Just as Asterix and his Gallic cohorts held out against the Romans, Anglo-Saxon markets remain stubbornly resistant to the comic strip and its movie adaptations. Pathe U.K. is planning to release "Asterix and the Olympic Games" on just three prints at a later date. "They'll have trouble even placing those," one U.K. distributor dealing in French fare predicted.

"The comic strip isn't popular in Anglo-Saxon countries," Langmann said. "It's a different culture."
Now I have a big issue with the statement "Anglo-Saxon markets remain stubbornly resistant to the comic strip and its movie adaptations". Yes it may be true for the films (most foreign language films struggle in English speaking territories) but no-way is it true for the comic books. Come on Mr Langmann, the English translations are hugely popular and successful. You do a disservice to English speaking Asterix fans with your comments I think.

Furienna

Beitrag: #Beitrag Furienna »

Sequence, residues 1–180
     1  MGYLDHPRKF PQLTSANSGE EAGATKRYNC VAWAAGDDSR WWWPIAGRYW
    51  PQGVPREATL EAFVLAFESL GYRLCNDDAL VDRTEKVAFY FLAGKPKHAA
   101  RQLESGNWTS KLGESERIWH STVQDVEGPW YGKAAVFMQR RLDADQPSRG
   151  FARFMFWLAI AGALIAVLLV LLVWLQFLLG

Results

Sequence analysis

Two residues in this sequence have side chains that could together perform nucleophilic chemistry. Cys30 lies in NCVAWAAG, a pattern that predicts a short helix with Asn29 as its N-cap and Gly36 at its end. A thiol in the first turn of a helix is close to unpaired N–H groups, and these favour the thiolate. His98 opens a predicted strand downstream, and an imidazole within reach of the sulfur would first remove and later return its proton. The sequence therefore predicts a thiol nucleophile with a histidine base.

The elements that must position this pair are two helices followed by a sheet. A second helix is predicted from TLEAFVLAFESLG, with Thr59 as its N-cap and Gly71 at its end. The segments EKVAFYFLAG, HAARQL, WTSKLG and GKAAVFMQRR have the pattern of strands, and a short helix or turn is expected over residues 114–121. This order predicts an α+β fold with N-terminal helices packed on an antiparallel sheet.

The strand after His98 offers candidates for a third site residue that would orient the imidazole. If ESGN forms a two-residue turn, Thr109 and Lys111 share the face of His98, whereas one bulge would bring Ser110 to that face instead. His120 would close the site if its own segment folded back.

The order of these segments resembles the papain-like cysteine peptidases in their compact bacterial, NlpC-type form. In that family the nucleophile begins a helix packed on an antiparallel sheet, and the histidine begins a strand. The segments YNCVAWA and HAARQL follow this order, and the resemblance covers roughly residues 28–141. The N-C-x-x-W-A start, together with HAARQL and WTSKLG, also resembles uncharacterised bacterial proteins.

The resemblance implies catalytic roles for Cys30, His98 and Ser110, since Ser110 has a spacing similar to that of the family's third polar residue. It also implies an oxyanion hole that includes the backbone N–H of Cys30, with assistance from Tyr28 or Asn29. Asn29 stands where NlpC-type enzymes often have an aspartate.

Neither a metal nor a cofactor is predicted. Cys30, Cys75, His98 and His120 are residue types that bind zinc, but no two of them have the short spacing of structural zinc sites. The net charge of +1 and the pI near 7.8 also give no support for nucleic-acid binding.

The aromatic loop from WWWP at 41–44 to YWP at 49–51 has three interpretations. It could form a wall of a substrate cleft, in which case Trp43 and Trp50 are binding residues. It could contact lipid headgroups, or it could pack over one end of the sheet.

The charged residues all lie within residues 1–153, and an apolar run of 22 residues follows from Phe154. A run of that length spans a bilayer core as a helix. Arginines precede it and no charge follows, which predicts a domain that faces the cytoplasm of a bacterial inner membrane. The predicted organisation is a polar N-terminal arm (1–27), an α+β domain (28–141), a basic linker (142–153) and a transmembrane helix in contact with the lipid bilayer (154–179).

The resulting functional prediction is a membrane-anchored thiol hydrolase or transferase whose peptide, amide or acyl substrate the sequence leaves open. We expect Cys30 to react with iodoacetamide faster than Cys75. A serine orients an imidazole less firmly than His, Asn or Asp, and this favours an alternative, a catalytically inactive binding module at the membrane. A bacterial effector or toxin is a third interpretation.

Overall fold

I wish I could agree with you. But the great European comics seem to have a hard time with hitting it big in the anglosaxon world, especially in the US. I remember about four years ago, when I used to be a member of a Harry Potter forum. In the "Other topics" section, there was a thread about bothTintin and Asterix, and it still wasn't a big thread, even though it was about two great comics. And the Americans over at that forum just complained about how "Tintin in Congo" was so racistic. I mean, what the heck? It's not racistic, just a bit dated, and even it was racistic, try some other Tintin albums, darn it! But nah, they wouldn't do it. This was what first made me worry about this site. And some months later, I was banned from it because I as a conservative couldn't agree with the liberal moderators when it came to politics. That whole thing made me very depressed, and it actually turned me off the whole Harry Potter phenomenon for a while.